Now.  Having hosted a lively Christmas curry event last night there is a scene of utter devastation to deal with in another part of the house. Bin bags at the ready!

#Addingflavour

There is no magic, no mystery, about adding flavour to your food.  It’s simply a matter of understanding how flavour wimg_3148orks; on the tongue, with the nose, in your mind, with your mood.  If I am not in the mood for cooking, then it never tastes right even though I want it to. But if I am on a roll, steaming along in the kitchen with the radio on and all the ingredients I need, then a little bit of magic comes into it.  That magic affects everyone else. Then the flavours are proclaimed to be fabulous.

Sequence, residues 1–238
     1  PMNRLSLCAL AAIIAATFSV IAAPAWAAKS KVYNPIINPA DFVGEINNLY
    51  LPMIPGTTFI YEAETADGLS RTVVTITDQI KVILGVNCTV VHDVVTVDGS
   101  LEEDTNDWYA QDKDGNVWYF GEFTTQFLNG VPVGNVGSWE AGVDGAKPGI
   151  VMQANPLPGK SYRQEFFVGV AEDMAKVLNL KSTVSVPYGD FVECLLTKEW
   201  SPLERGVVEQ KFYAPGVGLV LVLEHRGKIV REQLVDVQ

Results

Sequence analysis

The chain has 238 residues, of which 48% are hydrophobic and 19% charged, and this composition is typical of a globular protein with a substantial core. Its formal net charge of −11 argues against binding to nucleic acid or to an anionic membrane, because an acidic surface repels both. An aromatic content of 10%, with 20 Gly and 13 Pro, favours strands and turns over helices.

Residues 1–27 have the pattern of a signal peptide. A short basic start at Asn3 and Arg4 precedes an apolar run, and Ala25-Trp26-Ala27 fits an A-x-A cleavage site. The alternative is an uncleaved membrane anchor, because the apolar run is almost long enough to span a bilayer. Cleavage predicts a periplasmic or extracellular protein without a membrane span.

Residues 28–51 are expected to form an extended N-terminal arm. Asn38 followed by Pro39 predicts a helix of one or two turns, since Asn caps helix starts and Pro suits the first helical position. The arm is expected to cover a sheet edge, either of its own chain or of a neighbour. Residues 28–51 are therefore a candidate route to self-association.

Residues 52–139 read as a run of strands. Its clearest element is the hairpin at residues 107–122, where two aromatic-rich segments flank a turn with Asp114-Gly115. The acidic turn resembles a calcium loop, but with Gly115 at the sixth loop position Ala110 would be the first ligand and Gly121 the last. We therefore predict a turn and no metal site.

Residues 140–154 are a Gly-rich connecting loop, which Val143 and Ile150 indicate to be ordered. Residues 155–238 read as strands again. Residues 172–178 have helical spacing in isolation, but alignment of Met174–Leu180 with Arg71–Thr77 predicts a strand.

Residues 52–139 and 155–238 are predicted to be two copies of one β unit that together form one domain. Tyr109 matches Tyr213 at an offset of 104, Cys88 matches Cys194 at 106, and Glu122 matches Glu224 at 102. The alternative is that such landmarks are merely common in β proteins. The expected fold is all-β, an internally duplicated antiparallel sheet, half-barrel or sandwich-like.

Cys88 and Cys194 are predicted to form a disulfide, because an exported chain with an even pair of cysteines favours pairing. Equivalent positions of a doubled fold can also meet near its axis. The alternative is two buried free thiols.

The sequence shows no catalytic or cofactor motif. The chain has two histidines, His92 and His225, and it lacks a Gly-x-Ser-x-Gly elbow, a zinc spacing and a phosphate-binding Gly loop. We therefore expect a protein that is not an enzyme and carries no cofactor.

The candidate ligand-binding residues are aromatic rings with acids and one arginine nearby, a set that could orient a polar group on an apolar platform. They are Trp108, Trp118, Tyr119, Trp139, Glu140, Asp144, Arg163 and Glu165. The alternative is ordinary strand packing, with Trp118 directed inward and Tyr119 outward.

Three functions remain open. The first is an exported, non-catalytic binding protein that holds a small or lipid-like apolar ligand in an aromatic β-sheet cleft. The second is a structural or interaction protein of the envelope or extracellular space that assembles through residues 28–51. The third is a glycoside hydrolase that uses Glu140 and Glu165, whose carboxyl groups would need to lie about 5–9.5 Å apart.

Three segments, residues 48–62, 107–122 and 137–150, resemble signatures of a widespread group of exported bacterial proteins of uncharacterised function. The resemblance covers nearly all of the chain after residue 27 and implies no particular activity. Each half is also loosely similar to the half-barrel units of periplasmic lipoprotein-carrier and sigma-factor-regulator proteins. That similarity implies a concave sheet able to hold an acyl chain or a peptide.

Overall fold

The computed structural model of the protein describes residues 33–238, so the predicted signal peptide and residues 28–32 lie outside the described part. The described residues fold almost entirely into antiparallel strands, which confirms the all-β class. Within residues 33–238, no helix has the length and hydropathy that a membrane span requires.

I guess its a bit like running when you getimg_3149 in the groove (I don’t run) or swimming when the stroke and the breath come naturally (I do swim!)  It all just flows.

So there are certain things that to my mind add the magic. It’s the alchemy I talk about on the front page of this blog. And over the next few weeks I am going to add a few things I have learned then use the category #addingflavour so you can easily find them again .  So watch out for new posts and tweets. The first is gremolata.

Gremolata  is one of my favourite mixtures for adding flavour. I was introduced to it by Enzo, an Italian and maker of great pasta. He whispered conspiratorially, when I asked him what it was on his barbecued chicken that made it taste so wonderful,  “Its rosemary and lemon zest and garlic and salt cara mia. it improves everything it touches, a bit like wine”!